Hobsbawm had it exactly right -- it is Marx's overview of history, his overview of the dynamic historical development of class society, that is central to historical materialism. The 1844 manuscripts offer Marx's first statement that there is such a dynamic -- and that it corresponds to the 'movement of private property', or, more precisely, to the development of the antithesis between lack of property and property. In so preliminary a statement, of course, the full implications could not be realized at once. Yet the germ of a conceptual framework was worked out within these three manuscripts, and this line of thought continues uninterruptedly through Marx's works. Since, however, Marx never pursued the historical dynamics of pre-capitalist class society in the serious and sustained manner of his critique of political economy, much of what little he did say about it is problematic. In The German Ideology, as will be seen, the continuity of his thought was to a certain degree deflected by a re-infusion of liberal materialist ideology, the effects of which continue to bedevil Marxist thought. Still, Marx's early insight into the historically fundamental character of class exploitation would endure, and ultimately find its mature expression in the achievement of Capital.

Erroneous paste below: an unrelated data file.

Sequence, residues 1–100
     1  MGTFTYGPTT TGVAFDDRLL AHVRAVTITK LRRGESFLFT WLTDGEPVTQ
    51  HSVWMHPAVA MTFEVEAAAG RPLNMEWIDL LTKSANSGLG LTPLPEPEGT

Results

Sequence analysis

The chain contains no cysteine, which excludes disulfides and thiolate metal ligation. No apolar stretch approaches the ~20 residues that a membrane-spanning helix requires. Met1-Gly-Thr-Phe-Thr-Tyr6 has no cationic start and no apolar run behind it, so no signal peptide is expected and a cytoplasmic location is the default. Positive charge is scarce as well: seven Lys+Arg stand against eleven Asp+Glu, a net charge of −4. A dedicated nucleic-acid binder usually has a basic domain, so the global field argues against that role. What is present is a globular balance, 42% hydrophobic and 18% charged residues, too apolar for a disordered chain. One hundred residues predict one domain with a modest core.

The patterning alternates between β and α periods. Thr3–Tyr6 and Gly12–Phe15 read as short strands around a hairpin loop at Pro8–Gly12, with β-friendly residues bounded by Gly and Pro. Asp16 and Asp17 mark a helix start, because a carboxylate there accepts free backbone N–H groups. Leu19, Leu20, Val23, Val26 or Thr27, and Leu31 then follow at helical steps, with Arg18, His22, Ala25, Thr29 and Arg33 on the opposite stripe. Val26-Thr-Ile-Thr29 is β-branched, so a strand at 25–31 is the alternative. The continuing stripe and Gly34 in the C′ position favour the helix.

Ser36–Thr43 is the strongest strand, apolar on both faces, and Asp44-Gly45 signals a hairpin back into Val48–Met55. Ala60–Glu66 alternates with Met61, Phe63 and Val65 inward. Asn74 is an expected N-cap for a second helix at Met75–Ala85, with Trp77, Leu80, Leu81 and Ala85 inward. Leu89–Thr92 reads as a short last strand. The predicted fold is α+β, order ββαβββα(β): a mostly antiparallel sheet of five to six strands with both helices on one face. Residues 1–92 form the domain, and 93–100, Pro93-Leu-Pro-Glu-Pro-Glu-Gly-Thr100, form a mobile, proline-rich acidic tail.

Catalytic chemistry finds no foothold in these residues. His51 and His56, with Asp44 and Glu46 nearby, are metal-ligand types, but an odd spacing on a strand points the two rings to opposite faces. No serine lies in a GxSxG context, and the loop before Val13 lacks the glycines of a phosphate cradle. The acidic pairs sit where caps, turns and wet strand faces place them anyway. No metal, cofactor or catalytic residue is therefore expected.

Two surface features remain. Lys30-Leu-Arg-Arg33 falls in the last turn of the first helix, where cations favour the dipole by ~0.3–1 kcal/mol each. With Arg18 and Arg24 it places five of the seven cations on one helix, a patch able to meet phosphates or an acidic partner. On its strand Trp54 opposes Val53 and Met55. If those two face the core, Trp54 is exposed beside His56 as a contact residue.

This, then, is the central concept of historical materialism: that